Lenovo North America President Vladimir Rozanovich On ‘Amazing’ Quarter, Dell’s ‘Direct’ Focus And Why The ‘Worst Is Behind Us’ In Supply Chain Crisis
‘We love the idea of the channel partner owning that customer relationship, very unlike Dell, where they are trying to bring everything back in-house and trying to own that customer relationship,’ says Lenovo North America President Vladimir Rozanovich.
Vladimir Rozanovich, president of Lenovo’s North American operations, on Wednesday slammed rival Dell Technologies’ direct sales focus while contrasting his company’s plan to buoy channel business with increased back-end services.
“We love the idea of the channel partner owning that customer relationship, very unlike Dell, where they are trying to bring everything back in-house and trying to own that customer relationship,” Rozanovich told CRN.
Rozanovich’s comments come as Lenovo continues a blockbuster year as the leader in PC sales. And the company just announced a record quarter to the tune of $20 billion in revenue, according to earnings results released Wednesday.
“We had just an amazing quarter—first quarter over $20 billion. North America contributed enormously to that number,” said Rozanovich .”The channel accounts for 80 percent of the way we do business here in North America.”
While Lenovo highlighted strong third-quarter earnings results, including an eye-popping 62 percent year-over-year income increase to $640 million, the industry has been hobbled by a supply chain crisis that is creating headaches for solution providers.
Rozanovich only joined Lenovo in June, and the company has seen record growth and faced unprecedented demand sparked by COVID-19.
Rozanovich, who also serves as the company’s vice president of international sales, spoke with CRN in an exclusive interview.
How do you think Lenovo could improve some of the supply chain issues for partners? Because everybody seems to be handling it differently.
We had just an amazing quarter—first quarter over $20 billion. North America contributed enormously to that number. The channel accounts for 80 percent of the way we do business here in North America. And even though supply chain is something that comes up with everybody, we’ve handled it and we’ve weathered it better than most. … But we do also believe the worst is behind us. A lot of it was component-related. That’s the part where we finally see line-of-sight that it will get resolved. But the reality is because Lenovo has buying power, being the No. 1 PC manufacturer in the world, we have a lot of clout with our suppliers in order to handle some of those chip shortages. But supply chain is also made up of the transportation of those goods. It’s still also a concern that we see lead times on ships coming across the ocean that are still at record levels. But there’s light at the end of the tunnel. We’re going to make sure we’re pressuring our component suppliers to ensure that we get the adequate supply to fulfill our customer demands.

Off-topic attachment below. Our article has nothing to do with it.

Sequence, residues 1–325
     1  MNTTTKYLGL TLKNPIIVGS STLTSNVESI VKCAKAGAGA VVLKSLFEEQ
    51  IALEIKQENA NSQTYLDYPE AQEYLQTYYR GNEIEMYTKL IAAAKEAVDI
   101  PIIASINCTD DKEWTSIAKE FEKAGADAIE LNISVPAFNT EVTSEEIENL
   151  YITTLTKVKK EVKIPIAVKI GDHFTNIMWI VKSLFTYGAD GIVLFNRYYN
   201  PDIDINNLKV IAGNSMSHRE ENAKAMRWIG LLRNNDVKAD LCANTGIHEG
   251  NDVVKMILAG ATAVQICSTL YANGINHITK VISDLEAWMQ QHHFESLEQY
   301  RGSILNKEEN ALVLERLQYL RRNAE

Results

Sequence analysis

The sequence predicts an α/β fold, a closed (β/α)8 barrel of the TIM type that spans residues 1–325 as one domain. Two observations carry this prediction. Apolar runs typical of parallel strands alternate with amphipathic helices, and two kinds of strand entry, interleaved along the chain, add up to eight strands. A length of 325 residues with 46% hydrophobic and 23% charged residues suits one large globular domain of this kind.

Is there anything partners could do on their side? Does there need to be a unified approach?
This is something that I discuss with a lot of partners that I meet with. In fact, I’m up in Minneapolis today, and I met with our largest K-12 reseller and this was the topic of that conversation. What we are asking of our partners is to make sure they have a little flexibility when it comes to the overall final configuration of a product. Lead times are still relatively long; it’s very difficult just to build one product or two products. We want to build 20,000 of the same thing. So what we’ve been doing is asking our partners to ensure there’s a little flexibility—maybe the customer wants 16 [Gigabytes] of memory, but the only configuration we built up is 32 Gigs. So how can we work with a partner to see, OK, what’s the compromise of how we get to a price point and availability that works? … Some of the partners have done very well with that. Some customers would like to have the product quickly even though it wasn’t the exact configuration, and it gives the partners flexibility to sell what’s available in the channel. It allows us to supply those partners and the distributors in a much more efficient way. It gives confidence to that customer that, at least in the time of constrained product, we can get them something that is actually going to fit their needs or hopefully be even better than what they wanted.